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Volatility (physics)
In chemistry and physics, volatility is quantified by the tendency of a substance to vaporize. Volatility is directly related to a substance's vapor pressure
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Hornsby-Akroyd Oil Engine
The Hornsby-Akroyd oil engine
Hornsby-Akroyd oil engine
was the first successful design of internal combustion engine using "heavy oil" as a fuel. It was the first to use a separate vapourising combustion chamber and is the forerunner of all hot-bulb engines. Early internal combustion engines were quite successful running on gaseous and light petroleum fuels. However, due to the dangerous nature of gasoline and light petroleum fuel, legal restrictions were placed on their transportation and storage.[clarification needed] Heavier petroleum fuels, such as kerosene, were quite prevalent, as they were used for lighting. However, heavier oils posed specific problems when used in internal combustion engines. Oil used for engine fuel must be turned to a vapour state and remain in that state during compression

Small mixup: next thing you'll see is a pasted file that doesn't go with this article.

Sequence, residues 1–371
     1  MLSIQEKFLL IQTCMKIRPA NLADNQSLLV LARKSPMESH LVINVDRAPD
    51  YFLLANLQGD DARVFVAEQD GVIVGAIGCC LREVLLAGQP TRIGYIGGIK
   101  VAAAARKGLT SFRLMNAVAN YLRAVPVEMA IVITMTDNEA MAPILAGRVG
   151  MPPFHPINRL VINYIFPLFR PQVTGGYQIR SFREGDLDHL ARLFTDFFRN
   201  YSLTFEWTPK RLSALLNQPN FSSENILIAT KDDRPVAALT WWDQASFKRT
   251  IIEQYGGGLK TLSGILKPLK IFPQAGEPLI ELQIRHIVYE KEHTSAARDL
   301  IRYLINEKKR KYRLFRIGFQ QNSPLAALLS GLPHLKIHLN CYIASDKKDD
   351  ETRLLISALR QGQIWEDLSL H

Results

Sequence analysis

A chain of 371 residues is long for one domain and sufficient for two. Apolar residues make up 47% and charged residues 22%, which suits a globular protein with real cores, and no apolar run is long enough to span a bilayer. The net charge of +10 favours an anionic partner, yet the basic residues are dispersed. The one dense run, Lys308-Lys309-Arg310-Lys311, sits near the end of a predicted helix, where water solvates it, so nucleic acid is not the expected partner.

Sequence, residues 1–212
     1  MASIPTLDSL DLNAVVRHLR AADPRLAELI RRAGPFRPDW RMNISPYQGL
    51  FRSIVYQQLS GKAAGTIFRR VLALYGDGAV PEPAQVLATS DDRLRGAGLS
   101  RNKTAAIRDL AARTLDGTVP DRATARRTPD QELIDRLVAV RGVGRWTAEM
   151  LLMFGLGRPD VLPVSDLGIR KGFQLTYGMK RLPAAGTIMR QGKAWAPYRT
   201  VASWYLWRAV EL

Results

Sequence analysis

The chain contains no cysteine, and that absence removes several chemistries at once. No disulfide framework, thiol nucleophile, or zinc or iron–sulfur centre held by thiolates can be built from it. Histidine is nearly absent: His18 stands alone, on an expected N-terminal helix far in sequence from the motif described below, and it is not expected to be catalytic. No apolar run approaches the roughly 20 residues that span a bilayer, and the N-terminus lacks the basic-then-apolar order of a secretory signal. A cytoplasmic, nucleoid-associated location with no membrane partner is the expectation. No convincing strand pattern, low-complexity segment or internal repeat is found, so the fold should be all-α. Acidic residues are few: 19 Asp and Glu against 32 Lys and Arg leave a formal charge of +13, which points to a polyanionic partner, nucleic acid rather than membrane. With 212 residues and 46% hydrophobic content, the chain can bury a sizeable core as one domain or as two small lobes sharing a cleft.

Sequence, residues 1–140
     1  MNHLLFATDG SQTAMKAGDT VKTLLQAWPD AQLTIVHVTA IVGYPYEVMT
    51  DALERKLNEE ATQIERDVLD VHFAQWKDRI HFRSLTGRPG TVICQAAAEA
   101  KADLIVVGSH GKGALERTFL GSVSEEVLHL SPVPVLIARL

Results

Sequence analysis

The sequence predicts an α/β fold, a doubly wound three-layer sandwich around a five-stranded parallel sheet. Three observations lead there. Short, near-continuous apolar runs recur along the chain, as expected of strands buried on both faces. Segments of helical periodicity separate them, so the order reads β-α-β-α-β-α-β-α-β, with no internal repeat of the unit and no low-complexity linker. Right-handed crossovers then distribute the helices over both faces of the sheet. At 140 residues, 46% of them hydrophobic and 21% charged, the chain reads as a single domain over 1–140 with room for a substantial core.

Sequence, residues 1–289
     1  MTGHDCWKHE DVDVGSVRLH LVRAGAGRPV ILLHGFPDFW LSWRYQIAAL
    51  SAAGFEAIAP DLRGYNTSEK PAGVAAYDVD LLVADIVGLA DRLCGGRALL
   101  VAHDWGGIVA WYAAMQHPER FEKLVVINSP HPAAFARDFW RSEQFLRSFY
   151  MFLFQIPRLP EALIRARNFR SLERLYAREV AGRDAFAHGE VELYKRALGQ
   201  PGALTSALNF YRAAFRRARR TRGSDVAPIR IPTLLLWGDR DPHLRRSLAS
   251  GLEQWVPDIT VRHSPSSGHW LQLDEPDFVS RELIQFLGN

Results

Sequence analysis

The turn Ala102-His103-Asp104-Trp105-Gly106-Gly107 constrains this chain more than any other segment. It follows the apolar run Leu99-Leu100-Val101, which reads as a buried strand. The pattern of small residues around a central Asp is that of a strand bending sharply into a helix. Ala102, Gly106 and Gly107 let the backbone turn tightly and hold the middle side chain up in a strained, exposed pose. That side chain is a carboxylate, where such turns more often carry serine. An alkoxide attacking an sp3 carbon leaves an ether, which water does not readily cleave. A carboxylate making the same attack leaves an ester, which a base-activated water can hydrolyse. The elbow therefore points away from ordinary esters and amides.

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Barton Transport
Barton Transport[1] was a bus company that operated in Nottinghamshire from 1908 until 1989.Contents1 History1.1 Early years 1.2 Postwar 1.3 1970s and 1980s 1.4 Centenary2 Other operations 3 Livery 4 Depots 5 References 6 External linksHistory[edit] Plaxton Paramount
Plaxton Paramount
bodied DAF MB200The Robin Hood motif Barton Transport
Barton Transport
flag & Robin Hood logo carried on a preserved coachEarly years[edit] In October 1908, Thomas Henry Barton used a Durham Churchill charabanc to start the company's first service, between Long Eaton
Long Eaton
and the Nottingham
Nottingham
Goose Fair
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Pipeline Transport
Pipeline transport
Pipeline transport
is the transportation of goods or material through a pipe. The latest data from 2014 gives a total of slightly less than 2,175,000 miles (3,500,000 km) of pipeline in 120 countries of the world.[1] The United States had 65%, Russia had 8%, and Canada had 3%, thus 75% of all pipeline were in these three countries.[1] Pipeline and Gas Journal's worldwide survey figures indicate that 118,623 miles (190,905 km) of pipelines are planned and under construction